thu 14/12/2017

DVD: Dispossession - The Great Social Housing Swindle | reviews, news & interviews

DVD: Dispossession - The Great Social Housing Swindle

DVD: Dispossession - The Great Social Housing Swindle

Polemic documentary about the systematic dismantlement of council-subsidised accommodation

Or, perhaps, "WHAAAAAT????"

In the week that the police announced the final Grenfell Tower fire death toll, this is a timely release. Paul Sng’s 82-minute documentary, narrated by the actress Maxine Peake, is a serious investigation into the state of social housing in the UK, most especially the way it’s being co-opted into the private sector to make as much money as possible for corporate free market ideologues and those trailing in their wake.

Sng, along with his cinematographer Nick Ward and editor Josh Alward, have made a small budget go a long way, utilising striking imagery of urban desolation, intercut with old, black and white photographs of areas such as the Gorbals in Glasgow and Nottingham’s St Ann’s Estate, alongside simple, well-chosen graphics comparing the money being offered to buy people out with the profits on the cards for “management companies”.

Dispossession begins with the huge council housing boom kick-started by Clement Atlee’s post-war Labour government. It tells us that by the beginning of the Eighties 42 percent of the population lived in social housing while today that figure is less than eight percent, with 1.4 million people on waiting lists for council homes. It goes on to point out how Margaret Thatcher’s hugely popular policy of offering the right to buy council properties was really the start of the rot. Very little of that money fed back into building new social housing. The body of the film then utilises the examples of multiple estates and high-rise properties across Britain that have been systematically run down through lack of investment, then bought out by private investors.

Among the notable villains are Tory-“advising” estate agent giants Savills, with their transparently disgraceful plan to remove the tenants of the successful, albeit rundown, Cressingham Gardens Estate near Brixton. The residents have got together and fought, all but proving on paper, with evidence, that demolishing their homes would destroy a 40-year-old community, benefitting no one but rich people trying to make themselves richer. It's a particularly callous and ruthless version of gentrification. An elderly female resident, very definitely someone’s gran, proclaims, near tears, “To the last breath of my body, I will fight them.” It’s difficult to fathom a reason, unless unscrupulous money-suckling wealth accumulation has suddenly become morally viable, how anyone could possibly side against her. Dispossession is rich in such information, riling the viewer up with a sense of righteous fury.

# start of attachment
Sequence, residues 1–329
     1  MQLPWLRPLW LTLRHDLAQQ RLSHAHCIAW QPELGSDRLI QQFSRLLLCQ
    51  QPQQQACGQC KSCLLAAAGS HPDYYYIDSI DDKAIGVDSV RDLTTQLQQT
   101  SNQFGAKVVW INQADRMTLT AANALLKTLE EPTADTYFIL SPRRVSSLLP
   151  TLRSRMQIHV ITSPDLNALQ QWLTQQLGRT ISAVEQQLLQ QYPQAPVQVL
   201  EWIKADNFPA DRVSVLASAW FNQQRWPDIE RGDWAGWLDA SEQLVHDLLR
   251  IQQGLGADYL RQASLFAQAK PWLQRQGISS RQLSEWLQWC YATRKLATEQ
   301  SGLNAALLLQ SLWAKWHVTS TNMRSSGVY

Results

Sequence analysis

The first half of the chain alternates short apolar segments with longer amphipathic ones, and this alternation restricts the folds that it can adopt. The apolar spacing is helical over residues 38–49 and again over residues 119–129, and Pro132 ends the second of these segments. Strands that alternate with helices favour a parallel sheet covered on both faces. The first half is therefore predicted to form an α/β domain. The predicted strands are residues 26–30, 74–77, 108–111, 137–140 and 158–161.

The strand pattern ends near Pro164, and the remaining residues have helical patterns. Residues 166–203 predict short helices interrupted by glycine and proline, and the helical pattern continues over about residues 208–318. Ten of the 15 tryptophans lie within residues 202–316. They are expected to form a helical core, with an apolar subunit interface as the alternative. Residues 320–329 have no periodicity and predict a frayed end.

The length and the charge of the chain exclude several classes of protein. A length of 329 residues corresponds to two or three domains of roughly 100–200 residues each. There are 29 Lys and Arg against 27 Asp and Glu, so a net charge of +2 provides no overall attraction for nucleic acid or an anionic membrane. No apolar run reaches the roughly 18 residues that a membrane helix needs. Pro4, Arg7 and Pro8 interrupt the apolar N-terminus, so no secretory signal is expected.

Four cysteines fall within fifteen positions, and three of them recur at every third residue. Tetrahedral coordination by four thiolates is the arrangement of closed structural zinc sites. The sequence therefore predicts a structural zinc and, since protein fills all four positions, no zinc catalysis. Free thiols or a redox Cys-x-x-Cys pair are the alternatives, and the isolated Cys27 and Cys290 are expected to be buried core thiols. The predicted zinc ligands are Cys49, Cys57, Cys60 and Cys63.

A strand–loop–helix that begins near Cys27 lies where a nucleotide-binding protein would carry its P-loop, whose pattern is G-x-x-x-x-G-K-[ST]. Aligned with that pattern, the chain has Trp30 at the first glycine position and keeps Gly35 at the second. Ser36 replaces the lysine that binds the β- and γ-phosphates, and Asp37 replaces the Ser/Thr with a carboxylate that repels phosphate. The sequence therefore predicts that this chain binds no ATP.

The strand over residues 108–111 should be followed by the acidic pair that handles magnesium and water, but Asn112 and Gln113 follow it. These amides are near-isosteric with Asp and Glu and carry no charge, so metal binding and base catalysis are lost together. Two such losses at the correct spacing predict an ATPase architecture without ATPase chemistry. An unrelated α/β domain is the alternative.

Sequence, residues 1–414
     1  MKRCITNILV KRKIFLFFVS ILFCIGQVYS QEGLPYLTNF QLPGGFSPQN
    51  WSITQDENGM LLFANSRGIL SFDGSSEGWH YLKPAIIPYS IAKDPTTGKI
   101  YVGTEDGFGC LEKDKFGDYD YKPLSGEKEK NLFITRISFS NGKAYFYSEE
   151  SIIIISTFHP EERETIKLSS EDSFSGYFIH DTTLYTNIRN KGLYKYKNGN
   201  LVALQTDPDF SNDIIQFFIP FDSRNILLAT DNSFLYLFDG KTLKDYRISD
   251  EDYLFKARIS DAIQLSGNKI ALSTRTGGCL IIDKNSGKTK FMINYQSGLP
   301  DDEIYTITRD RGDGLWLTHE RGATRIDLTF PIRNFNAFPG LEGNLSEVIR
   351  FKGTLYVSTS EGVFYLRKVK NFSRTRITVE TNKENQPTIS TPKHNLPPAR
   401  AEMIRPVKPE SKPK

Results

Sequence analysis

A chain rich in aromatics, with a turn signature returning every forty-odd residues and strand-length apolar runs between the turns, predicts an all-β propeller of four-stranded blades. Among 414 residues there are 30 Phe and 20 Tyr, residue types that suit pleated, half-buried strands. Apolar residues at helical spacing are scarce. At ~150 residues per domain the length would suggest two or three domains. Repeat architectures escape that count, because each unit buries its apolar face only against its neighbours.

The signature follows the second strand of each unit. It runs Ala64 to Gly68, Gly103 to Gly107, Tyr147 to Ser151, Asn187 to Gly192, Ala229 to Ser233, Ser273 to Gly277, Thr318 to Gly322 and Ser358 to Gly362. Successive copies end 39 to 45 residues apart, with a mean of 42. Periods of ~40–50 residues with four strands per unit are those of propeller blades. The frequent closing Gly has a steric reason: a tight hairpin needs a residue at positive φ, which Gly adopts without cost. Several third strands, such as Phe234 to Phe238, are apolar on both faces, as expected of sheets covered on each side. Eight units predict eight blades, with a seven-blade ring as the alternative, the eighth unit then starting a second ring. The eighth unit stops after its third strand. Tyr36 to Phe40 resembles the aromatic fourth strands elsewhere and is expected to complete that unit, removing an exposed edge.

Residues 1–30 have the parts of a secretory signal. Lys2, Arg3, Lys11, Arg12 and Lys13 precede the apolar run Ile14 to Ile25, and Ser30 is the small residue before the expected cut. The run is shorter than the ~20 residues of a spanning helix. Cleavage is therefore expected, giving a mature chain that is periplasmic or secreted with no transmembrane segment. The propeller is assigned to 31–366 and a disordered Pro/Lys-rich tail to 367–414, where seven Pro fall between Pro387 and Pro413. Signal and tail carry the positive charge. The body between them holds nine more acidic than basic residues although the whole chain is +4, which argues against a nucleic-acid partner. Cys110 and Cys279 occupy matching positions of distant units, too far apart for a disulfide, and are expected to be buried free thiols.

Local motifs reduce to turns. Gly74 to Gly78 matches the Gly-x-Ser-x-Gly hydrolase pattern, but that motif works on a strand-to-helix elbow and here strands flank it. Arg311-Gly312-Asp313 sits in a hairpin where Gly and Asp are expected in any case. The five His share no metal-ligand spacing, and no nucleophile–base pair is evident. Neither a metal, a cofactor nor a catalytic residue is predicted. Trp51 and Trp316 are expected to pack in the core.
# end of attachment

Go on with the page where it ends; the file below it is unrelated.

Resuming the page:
Sng was responsible for the 2015 documentary Invisible Britain, about the career and politics of laptop punk-poets Sleaford Mods. Dispossession could do with some of that film’s fire and energy for, while it’s an important polemic, it would be better suited as a late-evening BBC Four programme rather than a DVD on the commercial market. Nevertheless, Sng succeeds in laying out his shocking information in a clear and erudite fashion, making this an essential watch for those interested in understanding how their country, their very birthright, is being sold out from under them.

The only extra material on the DVD is a couple of trailers.

Overleaf: Watch the trailer for Dispossession: The Great Social Housing Swindle

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